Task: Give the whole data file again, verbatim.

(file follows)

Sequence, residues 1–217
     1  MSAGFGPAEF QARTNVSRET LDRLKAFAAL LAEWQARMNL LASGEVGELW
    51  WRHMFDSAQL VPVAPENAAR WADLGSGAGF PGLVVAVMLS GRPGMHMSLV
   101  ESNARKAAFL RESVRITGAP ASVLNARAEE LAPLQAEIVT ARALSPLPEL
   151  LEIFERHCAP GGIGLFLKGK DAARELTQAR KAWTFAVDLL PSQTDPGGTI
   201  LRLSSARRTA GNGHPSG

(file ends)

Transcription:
Sequence, residues 1–217
     1  MSAGFGPAEF QARTNVSRET LDRLKAFAAL LAEWQARMNL LASGEVGELW
    51  WRHMFDSAQL VPVAPENAAR WADLGSGAGF PGLVVAVMLS GRPGMHMSLV
   101  ESNARKAAFL RESVRITGAP ASVLNARAEE LAPLQAEIVT ARALSPLPEL
   151  LEIFERHCAP GGIGLFLKGK DAARELTQAR KAWTFAVDLL PSQTDPGGTI
   201  LRLSSARRTA GNGHPSG